“One time [Abdel Gawad] wrote 'I am proud of you and I love you' and the officer insisted that she crossed it out...They don’t allow anything uplifting through,” Nadia explained. “She just lost it and started praying for retribution so hard, one of the officers cried and asked her to stop because he has nothing to do with this. He is just following orders.” However, most officers were not as affected. They started clapping for a visitor who began singing the pro-Sisi song Teslam el-Ayadi, and bellydancing. What salted the wound, Nadia said, was that the visitor was the mother of a horribly treated prisoner. “The same thing happened with Om Hassan, she hadn’t seen or heard of her son in weeks and [police officers and other visitors] sang her Teslam el-Ayadi,” an offended Hoda said, thrusting a hand in my face like I was Mustafa Kamil (the song's writer and composer).

Although the desire for revenge is palpable within the MB, it is almost always accompanied by equally palpable helplessness and frustration. Regardless of the presumed-to-be-MB attacks on police and army officers, Nadia maintains that so far most of the MB’s retaliation has been limited to mean prayers, reciting Quranic verses like “Pharaoh and Haman and their soldiers were deliberate sinners. [28:9]” to necessitate the punishment of every soldier as well as the commanders. Sure, there is a list, whose accuracy and origin are a matter for consideration, of the officers who dispersed the Rabaa and Nahda sit-ins but no one has done anything with it – yet. Every Brother and Sister I’ve spoken to recently thinks someone is going to lose it soon and that whoever that person is; no one can blame him/her.

Revenge aside, Nadia advocates (and regularly participates) in the burning of police vans and in doing anything that would “upset” the MOI. When asked to explain how that can fall under the title of “peaceful resistance,” she screwed up her face in bored disgust. “They have guns, gas, cars and water. We have Molotov and rocks. It’s not a fair equation... We’re certainly more peaceful.” Nadia’s definition of peacefulness is popular in the MB (and in non-MB revolutionary circles). Ahmad Hijab, a Cairo University Brother, for instance, spent fifteen minutes explaining how not only are the student protesters completely peaceful, but that they must be because military chief, General Abdel Fatah el-Sisi, would love an excuse to have them all shot, before he casually added that he had never been to a protest without fireworks, Molotov and rocks. “What, am I supposed to stand there and let them kill me or go defenseless when I know they are going to attack me?”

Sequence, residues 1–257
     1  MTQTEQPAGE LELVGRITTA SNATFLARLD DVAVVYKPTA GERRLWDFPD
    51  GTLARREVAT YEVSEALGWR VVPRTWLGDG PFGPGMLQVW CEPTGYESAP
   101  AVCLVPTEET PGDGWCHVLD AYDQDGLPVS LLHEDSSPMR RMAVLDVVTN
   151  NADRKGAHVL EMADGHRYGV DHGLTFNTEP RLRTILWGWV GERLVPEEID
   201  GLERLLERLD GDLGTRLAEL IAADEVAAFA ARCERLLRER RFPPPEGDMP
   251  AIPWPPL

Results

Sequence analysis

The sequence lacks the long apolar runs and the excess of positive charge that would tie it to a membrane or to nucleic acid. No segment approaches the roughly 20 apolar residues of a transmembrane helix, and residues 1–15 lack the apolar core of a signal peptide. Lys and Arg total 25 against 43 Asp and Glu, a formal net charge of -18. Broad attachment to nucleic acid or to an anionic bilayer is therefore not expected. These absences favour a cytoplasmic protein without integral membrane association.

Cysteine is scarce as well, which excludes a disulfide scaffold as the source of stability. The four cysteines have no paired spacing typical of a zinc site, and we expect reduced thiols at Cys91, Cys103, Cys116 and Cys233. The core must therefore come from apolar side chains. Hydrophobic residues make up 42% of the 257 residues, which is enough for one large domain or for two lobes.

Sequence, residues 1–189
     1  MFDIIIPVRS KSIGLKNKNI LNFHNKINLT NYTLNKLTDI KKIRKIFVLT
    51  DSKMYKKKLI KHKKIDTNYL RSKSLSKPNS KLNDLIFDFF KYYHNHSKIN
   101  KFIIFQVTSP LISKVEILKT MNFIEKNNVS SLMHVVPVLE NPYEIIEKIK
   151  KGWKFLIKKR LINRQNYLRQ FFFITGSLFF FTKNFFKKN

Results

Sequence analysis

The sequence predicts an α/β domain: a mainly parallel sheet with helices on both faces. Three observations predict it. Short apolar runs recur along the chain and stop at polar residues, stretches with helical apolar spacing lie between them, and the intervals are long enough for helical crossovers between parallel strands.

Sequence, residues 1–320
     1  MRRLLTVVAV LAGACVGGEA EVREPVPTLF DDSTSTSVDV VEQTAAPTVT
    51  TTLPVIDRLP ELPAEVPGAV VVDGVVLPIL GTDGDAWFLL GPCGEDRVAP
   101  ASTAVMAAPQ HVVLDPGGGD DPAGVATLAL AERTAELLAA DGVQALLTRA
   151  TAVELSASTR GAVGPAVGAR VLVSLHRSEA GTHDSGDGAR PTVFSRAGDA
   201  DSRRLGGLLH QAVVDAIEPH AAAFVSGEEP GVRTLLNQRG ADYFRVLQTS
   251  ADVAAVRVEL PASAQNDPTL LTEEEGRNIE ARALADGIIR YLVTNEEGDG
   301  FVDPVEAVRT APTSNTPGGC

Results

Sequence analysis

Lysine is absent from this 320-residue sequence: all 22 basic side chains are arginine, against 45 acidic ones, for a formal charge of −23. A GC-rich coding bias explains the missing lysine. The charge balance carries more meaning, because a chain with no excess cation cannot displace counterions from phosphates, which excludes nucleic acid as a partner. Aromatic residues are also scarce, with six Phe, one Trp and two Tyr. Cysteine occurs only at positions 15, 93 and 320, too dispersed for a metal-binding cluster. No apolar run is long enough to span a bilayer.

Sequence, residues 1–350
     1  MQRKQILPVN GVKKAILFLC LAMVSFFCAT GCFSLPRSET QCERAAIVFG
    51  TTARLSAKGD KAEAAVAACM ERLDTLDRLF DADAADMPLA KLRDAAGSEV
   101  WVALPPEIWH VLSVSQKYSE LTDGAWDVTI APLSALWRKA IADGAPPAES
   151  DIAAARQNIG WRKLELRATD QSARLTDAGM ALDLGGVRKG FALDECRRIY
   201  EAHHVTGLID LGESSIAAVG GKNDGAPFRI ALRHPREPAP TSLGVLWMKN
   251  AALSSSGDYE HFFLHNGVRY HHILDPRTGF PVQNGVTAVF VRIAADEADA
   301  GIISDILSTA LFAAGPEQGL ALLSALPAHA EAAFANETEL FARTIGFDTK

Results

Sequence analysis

As far as the MB youth is concerned, it seems, the only viable course of action now is to aggravate the MOI at every opportunity. The future, many believe, will likely hold what the present is already offering: politically ineffective, routine clashes with the police like those of Al-Azhar University and Alf Maskan, deaths, injuries, arrests, broken bones, prison visits, uncomfortable body searches, deliveries of exams and medical supplies, police bribes, etc. “Things have to and will get much, much worse for everyone... everyone has to and will taste humiliation and injustice, it has to become unbearable, so they will revolt again,” Nadia hopes. “Or they will apologize and sing Teslam el-Ayadi,” Hoda told the ceiling, resentfully.

So while things get worse, Nadia is just going to deliver some food to detainees and continue to rearrange the digits of a cellphone number an MB prisoner scribbled on her hand, to reach his parents and tell them he has been in jail for the past month. “Is this a seven or an eight?” she asked no one in particular before deciding to try a six.

The names of the people interviewed for this post have been changed to protect their identity.